Jacksonville, Florida’s recently finalized climate resilience plan nods to its status as one of the nation’s fastest-growing urban areas right up front.
“The city’s population has grown to over ten times what it was a century ago to nearly one million people today,” the plan says. “If trends continue, Jacksonville will grow to 1.6 million residents by 2070.”
That growth, which increases the city’s tax base and brings new industries, talent and cultures, is “a fundamentally good thing for cities,” Chief Resilience Officer Anne Coglianese explained. “But it also runs the risk of straining affordable housing resources, utility resources, roadway networks,” she said. “It’s something that we’re so aware we need to prepare for.”
Housing, in particular, “is the name of the game for resilience” in Jacksonville and will be “where we make the biggest strides in promoting resilience in our communities,” Coglianese said. As the largest city by land area in the continental U.S., and with only roughly 40% of land currently developed, finding space for new housing isn’t so much the issue, she said. The urgent challenge is making sure new development is built to withstand climate risks — namely, flooding — and don’t encroach on critical ecosystem services, Coglianese said.
“Every day [that] we are not on top of that, new subdivisions are coming online that could be encroaching on wetlands, in areas that are high risk, clear-cutting a lot of trees and causing our urban heat issues to be more pronounced,” Coglianese said.
This urgency to “stop the bleeding through death by a thousand cuts” and promote smart growth distinguishes Jacksonville from cities that have already reached their boundaries, she said. In those cities, “the conversation about resilience is really in the ‘retrofit and protect’ space, recognizing your population is where it is and there's very little you can do to change that,” Coglianese said.
Jacksonville will need a paradigm shift to avoid putting its growing population in harm’s way as climate change worsens in the coming decades, she said. “If we continue to build in the same low-density subdivision patterns that we have over the last 20 years, we're likely to see, in the next 50 years, three times as many people in our city living in areas of high risk to flooding, two and a half times as many assets vulnerable to flooding, and one and a half times as many residents vulnerable to extreme heat,” Coglianese said.
Big policy changes are on the table to prevent those predictions from becoming reality: The new climate resilience plan’s first recommended action is that Jacksonville update its land development regulations with a focus on accounting for future flood risk protections. That effort is already underway, Coglianese said.
The city will examine where housing can be added in the downtown core, but also in suburban areas with an abundance of underutilized space and in strip malls that are “not as vibrant as they used to be,” Coglianese said. “That's a space that could be redeveloped for housing, for mixed-use development, and could be a way to accommodate this larger population without having to go into our rural and our natural landscape as much.”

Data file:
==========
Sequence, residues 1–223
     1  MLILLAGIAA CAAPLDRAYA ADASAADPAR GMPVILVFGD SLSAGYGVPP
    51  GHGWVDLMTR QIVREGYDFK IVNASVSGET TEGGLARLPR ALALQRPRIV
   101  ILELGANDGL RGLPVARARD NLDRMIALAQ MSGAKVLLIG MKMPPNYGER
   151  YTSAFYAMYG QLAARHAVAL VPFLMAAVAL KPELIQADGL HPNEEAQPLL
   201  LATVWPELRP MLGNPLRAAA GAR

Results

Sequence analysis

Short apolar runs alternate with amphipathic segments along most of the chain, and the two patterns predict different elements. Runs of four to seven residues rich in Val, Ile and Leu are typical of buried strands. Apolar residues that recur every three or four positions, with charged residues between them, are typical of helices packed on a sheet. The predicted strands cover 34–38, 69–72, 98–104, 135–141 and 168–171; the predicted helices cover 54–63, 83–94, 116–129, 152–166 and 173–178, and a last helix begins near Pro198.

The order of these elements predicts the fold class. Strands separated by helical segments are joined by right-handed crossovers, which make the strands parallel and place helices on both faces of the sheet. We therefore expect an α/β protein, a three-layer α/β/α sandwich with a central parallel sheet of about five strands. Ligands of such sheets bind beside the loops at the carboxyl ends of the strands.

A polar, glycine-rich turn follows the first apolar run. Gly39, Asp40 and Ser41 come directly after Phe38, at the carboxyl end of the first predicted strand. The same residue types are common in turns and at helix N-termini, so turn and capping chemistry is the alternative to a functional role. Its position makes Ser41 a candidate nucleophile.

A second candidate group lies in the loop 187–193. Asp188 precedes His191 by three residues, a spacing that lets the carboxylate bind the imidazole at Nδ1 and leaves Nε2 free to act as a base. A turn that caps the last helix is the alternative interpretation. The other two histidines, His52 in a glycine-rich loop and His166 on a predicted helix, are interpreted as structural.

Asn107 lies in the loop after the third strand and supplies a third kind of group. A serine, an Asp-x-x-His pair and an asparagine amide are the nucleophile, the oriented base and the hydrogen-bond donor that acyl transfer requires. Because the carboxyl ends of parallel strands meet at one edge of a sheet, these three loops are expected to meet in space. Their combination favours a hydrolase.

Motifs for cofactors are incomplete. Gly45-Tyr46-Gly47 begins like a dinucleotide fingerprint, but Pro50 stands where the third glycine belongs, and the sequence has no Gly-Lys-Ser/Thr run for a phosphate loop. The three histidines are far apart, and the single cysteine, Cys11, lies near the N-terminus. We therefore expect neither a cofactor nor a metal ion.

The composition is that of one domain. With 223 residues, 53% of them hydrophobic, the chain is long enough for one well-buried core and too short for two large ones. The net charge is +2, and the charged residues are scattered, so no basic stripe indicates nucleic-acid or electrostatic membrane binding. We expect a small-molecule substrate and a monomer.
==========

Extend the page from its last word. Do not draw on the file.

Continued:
A primary challenge for developers looking to build quality affordable housing in Jacksonville is the cost of land, said Aundra Wallace, president of JAXUSA, the city’s regional economic development initiative. Options to address this include the public sector helping to “buy down the price of the land” or providing land for affordable housing developments, he said. Building vertically instead of out to avoid sprawling development also presents a cost challenge, according to Wallace. High rises are substantially more expensive to construct than buildings that are six stories or less, he said.
Climate-resilient growth, however, promises to help the region accomplish its economic development goals, one of which is to provide people with a high “quality of place,” Wallace said. “That growth that we are seeing, faster than the U.S., faster than the state of Florida, it all hinges upon people really enjoying the quality of life they get here in northeast Florida,” Wallace said. “That’s why [the climate resilience plan is] so important for Jacksonville.”
Climate-resilient communities are the types of places where people want to live, Coglianese agreed: “There’s, frankly, a lot of changes that are happening in market trends in cities across the country. We’re finding that people want to live in dense, walkable, vibrant spaces.” She added that Jacksonville even has the potential to become a regional “climate haven” within Florida, sheltered from some of the worst climate change impacts to batter the state.
“So much of the city is safe,” Coglianese said. “The city of Jacksonville really has to start valuing our high and dry areas in a different way than we have historically.”